Sunday, April 25, 2010
I went boomeranging with some of the kids again today. We own three acres out back of nothing but weeds. The weeds are in their short grassy stage now and so it is a perfect place for boomeranging. Throwing boomerangs is fun enough by itself, but I have added some extra sugar by offering my kids a small sum of money for each catch they make. This would be a perfect way to go broke for someone of small means like myself except that boomerangs are hard to catch—at least the boomerangs I throw are. I have seven different models of boomerangs and each has a unique flight path and difficulty level. Some can be gone nearly 15 seconds before (if) they return.
Tonight when we arrived in the field we found out quickly that the sun was directly behind the returning boomerangs. I threw one that came back to me perfectly. I saw a glimpse of the 'rang as it spun in on a perfect trajectory for my face just before the sun swallowed it. I held out my hand in front of my face and reflexively closed my fingers around it as it smacked my palm. Talk about a lucky catch.
We decided to throw the flying ring for awhile to give the sun a chance to move a little. This was a lot of fun except for the frustration level the youngest two children added to it. Little Glory and Story are excellent for retrieving errant throws and they do it without slobbering. However they like to retrieve on their own terms. Four-year-old Story will run full speed after the ring and then stop ten feet from it. While we all wait impatiently suddenly he does the Frankenstein walk and approaches with maddening slowness. Finally he squats down and pounces on the ring. When he finally picks it up he naturally looks at the person the farthest distance away who he has no possibility of reaching with his throw.
“Throw it to me,” I yell since I am closest.
He ignores me.
“Story! Throw it to me!”
He turns toward me grinning. “You get a dollar if you catch it,” he says. He looks at me and launches the ring, but it flies off at a right angle to both of us where no one is standing. “Whoa,” he laughs and trots after it. I trot after it too and we grab it at the same time.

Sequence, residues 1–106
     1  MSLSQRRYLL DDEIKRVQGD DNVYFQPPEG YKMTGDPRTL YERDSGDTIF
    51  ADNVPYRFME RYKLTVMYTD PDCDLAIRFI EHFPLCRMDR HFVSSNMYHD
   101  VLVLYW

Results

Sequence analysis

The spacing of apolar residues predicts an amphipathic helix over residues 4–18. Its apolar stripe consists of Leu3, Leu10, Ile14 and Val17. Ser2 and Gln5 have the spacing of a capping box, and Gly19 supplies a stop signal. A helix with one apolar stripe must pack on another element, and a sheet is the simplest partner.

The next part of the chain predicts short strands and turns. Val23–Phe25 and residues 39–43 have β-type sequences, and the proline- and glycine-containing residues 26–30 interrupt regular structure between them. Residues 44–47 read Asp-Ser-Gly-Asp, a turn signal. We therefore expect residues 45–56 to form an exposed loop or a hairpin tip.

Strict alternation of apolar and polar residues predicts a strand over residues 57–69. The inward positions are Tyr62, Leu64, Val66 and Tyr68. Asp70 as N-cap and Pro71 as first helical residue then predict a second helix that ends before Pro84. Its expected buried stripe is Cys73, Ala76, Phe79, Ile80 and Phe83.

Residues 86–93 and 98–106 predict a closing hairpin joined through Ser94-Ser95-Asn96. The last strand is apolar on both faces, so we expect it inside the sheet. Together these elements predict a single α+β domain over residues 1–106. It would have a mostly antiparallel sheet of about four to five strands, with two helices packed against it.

“Let me have it, “ I day in all seriousness. He won't let go and we start a tug-o-war. I am 250 pounds. He is 30 pounds. I can't use my weight to my advantage without hurting him and so this is a very difficult task to get the ring. I finally win when I tickle him. With the ring in my hand I feel like a starving man who had to wrestle with someone for the next bite of food. I feel horribly impatient, but luckily he thought it was all great fun.
After a good twenty throws he has managed to nab a couple out of the air with panache. Lory has considerably more trouble, but finally she reaches up and gets her fingers around the spinning wings. The look on her face was pure joy. She screams and hops up and down while spinning around. She runs to me and throws her arms around me. It is a sweet moment.
After a while we switch to the Erang. This is a bigger boomerang that flies much farther and usually comes in much faster. Both kids are wary of this rang and back off on many catchable landings. After more throws they get a little braver and are rewarded with a cut and a bruise, but no catches. On one throw the Erang came in so low that Story, who was sitting on the ground next to the gear had to flatten himself out. The Erang whizzed by a couple of feet over him. I'm glad he is paying attention. I am offering $3.00 for an Erang catch so they try a little hard. Finally something clicks in nine-year-old Jory's head and he snatches the Erang out of the air. I heard the thud of wood against bone, but he shrugged it off. Then he catches it again. And then again. Seeing bankruptcy on the horizon I cut him off from the promise of more money for more catches. Jory is satisfied though. He has just powered up in skills and ability. It is probably five more throws until Autumn pulls in the Erang. She squeals and dances another victory dance and gives me another hug.